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Tech Industry

PC, cable giants to plug cable modems

Intel and Microsoft will join forces with TCI and Time Warner to promote high-speed Internet access via cable.

Intel and Microsoft, which recently formed a group touting high-speed Internet access through the use of DSL (digital subscriber line) technology, are joining forces with companies such as Tele-Communications Incorporated and Time Warner to promote even faster Internet access via cable.

Computer and cable industry heavyweights today formed the Cable Broadband Forum (CBF), a nonprofit corporation that will work to "increase public awareness" of cable technologies. Initially, the group will focus on cable modems and then digital TV set-top boxes.

"Our objective is to raise awareness that [Internet service via cable companies] is in the market today and not a developing technology," said Tom Cullen, vice president of Internet services for MediaOne and chairman of the CBF. The CBF said that there already 200,000 customers with high-speed Net access from cable operators and that revenue to operators will triple by the end of 1998, based on figures from market research firm Kinetic Strategies.

In January, Intel, Microsoft, Compaq Computer, and a consortium of telephone providers detailed a plan for installing another high-speed Net access technology--DSL--through the Universal ADSL Working Group (UAWG). (Compaq is not yet a member of the CBF.)

Intel and Microsoft?s endorsement of Internet services over cable as well as via DSL technology is merely pragmatic. Internet access is a key factor that is spurring computer sales, and both companies want to make multimegabit access to the Internet possible in order to keep sales rolling.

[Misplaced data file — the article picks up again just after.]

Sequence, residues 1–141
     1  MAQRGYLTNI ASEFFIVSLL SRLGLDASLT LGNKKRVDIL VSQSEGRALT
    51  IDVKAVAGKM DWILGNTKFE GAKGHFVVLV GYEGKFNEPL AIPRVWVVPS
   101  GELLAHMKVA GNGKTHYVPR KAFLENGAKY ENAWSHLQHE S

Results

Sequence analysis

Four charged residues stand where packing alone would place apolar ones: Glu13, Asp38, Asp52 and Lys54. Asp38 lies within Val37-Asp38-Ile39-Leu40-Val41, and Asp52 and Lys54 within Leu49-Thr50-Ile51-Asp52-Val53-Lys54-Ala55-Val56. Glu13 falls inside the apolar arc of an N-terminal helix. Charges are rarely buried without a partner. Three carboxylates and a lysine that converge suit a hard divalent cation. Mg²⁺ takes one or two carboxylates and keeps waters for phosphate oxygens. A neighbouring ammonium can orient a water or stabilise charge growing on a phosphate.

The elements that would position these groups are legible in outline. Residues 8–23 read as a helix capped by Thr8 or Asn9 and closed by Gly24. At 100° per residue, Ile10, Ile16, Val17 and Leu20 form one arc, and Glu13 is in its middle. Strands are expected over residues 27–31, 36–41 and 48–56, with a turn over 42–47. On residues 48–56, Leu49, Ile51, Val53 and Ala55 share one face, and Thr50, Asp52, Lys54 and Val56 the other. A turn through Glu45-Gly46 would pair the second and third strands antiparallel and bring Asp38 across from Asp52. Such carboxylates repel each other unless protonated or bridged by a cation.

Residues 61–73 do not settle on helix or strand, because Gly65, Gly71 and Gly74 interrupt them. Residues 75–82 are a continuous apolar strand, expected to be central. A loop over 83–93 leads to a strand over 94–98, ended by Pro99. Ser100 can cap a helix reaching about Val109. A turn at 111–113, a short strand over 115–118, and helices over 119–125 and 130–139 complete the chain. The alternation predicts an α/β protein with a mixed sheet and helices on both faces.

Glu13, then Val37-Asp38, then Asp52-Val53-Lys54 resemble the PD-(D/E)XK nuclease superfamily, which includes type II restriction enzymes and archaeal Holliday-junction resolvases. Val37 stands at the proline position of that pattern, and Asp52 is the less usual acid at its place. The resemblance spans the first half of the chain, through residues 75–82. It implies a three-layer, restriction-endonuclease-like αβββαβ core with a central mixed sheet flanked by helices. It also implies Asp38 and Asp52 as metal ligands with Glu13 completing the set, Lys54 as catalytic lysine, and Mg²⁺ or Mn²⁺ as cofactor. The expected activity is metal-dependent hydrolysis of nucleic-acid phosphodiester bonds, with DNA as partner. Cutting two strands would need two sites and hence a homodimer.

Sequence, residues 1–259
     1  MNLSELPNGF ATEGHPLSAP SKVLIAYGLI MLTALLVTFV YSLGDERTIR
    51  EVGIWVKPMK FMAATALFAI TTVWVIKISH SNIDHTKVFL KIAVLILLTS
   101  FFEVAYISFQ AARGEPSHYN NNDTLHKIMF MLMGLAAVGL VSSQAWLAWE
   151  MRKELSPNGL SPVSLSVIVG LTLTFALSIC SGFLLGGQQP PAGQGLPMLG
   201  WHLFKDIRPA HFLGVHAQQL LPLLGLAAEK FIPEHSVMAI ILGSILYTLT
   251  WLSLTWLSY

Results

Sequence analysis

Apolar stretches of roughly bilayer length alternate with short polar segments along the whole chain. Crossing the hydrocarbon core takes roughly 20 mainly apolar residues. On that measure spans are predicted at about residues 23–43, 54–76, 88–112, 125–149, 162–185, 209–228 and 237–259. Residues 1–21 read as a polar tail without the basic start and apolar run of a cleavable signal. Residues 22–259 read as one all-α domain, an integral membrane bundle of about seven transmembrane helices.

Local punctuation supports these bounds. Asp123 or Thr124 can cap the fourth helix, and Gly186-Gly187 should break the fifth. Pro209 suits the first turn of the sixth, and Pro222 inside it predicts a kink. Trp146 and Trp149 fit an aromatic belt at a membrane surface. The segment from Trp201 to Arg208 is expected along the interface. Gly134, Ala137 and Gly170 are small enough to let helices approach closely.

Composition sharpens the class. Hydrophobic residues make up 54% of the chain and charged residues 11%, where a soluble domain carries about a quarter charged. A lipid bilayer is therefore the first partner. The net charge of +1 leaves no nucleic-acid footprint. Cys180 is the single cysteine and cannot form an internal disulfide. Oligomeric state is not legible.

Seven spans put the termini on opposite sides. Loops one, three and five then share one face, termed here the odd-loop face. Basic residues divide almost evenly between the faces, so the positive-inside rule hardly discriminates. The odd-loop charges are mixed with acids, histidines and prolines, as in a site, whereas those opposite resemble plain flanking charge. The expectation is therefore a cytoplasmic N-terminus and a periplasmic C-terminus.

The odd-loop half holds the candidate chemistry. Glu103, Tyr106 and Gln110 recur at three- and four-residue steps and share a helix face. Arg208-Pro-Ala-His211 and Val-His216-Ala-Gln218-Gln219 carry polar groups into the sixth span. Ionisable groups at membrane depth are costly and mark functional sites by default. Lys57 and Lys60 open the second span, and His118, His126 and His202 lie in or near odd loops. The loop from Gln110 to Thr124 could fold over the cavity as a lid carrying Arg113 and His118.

However, the easy-to-install version of DSL that Intel and Microsoft are hoping for isn't ready. Cable vendors, by contrast, have basically ironed out the technological standards needed to make the various pieces of equipment work with each other--a critical factor that will allow consumers to one day purchase equipment at a lower cost than now possible.

"Microsoft and Intel are relatively agnostic today about whether someone's connection is over coaxial cable or copper," Cullen acknowledged. But Cullen thinks that over time, cable will come to be viewed as the preferred platform for high-speed access because it could offer higher access speeds than competing DSL technologies.

Using a cable modem, a customer could download data at a maximum of 30 mbps. Although the speed would slow depending on how many subscribers use the service concurrently, it will remain faster than the 1.5-mbps pace promised by the easy-to-install DSL "lite," as it is called. (Even at that rate, users would download data around 30 times faster than can be delivered through 56-kbps modems.)

But while cable access technology is available in a growing number of markets, it is not available in all regions. Part of the CBF's goal is to conduct an "education program is to tell people what our deployment plans are," Cullen notes.

Also, cable operators are going to have to invest millions over the next few years to upgrade their systems to be able to carry two-way Internet traffic. Although the telephone giants face their own investment requirements, cable companies may have to invest more and may not have the same access to capital, according to analysts.